I love the office at Emmer & Rye, with its unfinished floors and tangled wires. It’s comforting. Maybe it is the family pictures on the wall or the fact that the heat rises from the kitchen causing it to be warm like a blanket. Maybe it is because just a few stairs below lies the dining room, with polished glassware and perfectly folded napkins. Yet up here, amongst the wrinkled chef coats ands wine invoices, the dream is real.
The computer turns on and the harsh light from the screen stings my bloodshot eyes. This week has caught up to me and I am blissfully tired. My heart is full. When I was a teenager, I dreamt of opening a small café. I was going to sell baked goods and coffee and pictures of my adventures would adorn the walls. This dream led me to cut apart my mom’s interior design magazines and make collages of possible concepts. The name would be scribbled along the side of the paper as well as possible dishes. I always kept these scrapbooks, even after I pursued career paths away from food, they remained in my possession calling to me. As I sit in this office, I think of that 13-year-old with her scissors and braces, she would be proud right now.
As I reach for the check book and stack of invoices, I can feel the ache in my bicep. Days of slinging boxes and moving tables has made me realize I should really hit the gym when things calm down. I still can’t believe it all came together. Just a few days ago, the electrician was fiddling with the hood system and the team was assembling tables while trying to maneuver around the painters. All the while, the construction leads kept assuring Kevin and I, “Don’t stress, this part comes together quick.” If I had truly believed them, it would have saved me a 36-hour eye twitch.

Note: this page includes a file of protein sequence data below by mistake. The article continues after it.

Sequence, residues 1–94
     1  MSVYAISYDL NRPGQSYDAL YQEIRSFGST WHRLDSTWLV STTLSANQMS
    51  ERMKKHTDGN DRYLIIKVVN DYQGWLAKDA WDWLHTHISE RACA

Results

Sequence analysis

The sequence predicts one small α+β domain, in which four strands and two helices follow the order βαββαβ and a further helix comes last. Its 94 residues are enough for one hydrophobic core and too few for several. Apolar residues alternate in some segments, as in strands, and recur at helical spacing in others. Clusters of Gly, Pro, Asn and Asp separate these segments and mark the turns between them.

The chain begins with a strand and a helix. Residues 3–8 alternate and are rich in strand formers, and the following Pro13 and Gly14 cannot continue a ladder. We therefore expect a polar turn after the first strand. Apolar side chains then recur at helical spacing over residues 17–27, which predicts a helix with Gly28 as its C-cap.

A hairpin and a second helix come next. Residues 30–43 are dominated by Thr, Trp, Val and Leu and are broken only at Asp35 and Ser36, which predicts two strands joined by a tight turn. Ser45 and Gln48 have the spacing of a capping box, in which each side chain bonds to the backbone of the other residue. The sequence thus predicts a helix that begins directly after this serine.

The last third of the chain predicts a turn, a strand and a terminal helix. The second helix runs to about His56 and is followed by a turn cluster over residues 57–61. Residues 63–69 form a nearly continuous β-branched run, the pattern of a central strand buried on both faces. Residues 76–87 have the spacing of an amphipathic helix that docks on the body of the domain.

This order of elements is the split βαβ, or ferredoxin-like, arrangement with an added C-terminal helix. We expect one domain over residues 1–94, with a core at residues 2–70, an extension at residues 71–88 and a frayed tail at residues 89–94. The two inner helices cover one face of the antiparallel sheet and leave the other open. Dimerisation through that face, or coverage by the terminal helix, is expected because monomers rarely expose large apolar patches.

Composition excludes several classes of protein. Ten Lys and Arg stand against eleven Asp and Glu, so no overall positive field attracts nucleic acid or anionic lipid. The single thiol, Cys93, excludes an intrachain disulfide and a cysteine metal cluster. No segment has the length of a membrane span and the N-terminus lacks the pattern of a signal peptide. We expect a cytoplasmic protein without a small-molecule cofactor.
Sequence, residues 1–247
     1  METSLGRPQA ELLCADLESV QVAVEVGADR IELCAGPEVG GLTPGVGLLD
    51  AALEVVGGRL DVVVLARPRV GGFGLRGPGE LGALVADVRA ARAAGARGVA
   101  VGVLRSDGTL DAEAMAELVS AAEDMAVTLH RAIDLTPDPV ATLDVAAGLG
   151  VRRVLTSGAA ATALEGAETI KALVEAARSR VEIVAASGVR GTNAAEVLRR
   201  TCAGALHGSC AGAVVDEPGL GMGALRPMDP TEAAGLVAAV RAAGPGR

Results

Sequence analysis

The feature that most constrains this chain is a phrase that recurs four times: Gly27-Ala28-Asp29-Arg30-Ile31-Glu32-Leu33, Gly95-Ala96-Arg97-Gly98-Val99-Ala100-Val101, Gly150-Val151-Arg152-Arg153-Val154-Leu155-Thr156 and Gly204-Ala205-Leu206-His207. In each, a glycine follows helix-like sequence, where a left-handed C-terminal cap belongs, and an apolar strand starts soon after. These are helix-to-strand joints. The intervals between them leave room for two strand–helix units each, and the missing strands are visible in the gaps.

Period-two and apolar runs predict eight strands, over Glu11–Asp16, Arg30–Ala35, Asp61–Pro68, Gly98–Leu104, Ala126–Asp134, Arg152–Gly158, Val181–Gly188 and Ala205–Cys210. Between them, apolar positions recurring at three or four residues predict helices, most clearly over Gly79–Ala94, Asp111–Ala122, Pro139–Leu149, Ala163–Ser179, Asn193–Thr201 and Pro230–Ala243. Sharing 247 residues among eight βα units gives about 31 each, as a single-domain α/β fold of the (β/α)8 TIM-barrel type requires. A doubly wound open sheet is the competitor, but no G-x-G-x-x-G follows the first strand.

I shut my computer, just as I have finished the last sip of coffee. Slowly I descend the stairs into the kitchen. The morning crew is peaceful. The glide through the kitchen a softness in their expressions. Bread is proofing in the corner while another chef calmly inspects the latest order. It is peaceful in the morning. Kevin is at the pass. There are no tickets or garnishes yet, instead just the pasta extruder. Rhythmically he cuts the strozzpreti and they gently fall onto the sheet tray below.
The phone at the host stand rings breaking my trance. Someone is making a reservation. I hang up and glance around the bar. A few floral arrangements strewed throughout the room are the only indication that we had a big occasion last night. The opening has passed and it is time to transition from screw drivers to wine keys. The reviews both positive and negative will come. Some of the staff will transition and the menu will evolve. Tomorrow, I will head back to work, my vacation coming to an end. Year’s of planning has led us to this moment.
As I gaze back into the kitchen, with both disbelief and humility a grin spreads across my face and my eyes well with happiness, this week we opened our restaurant. Now my love, It is time to run it.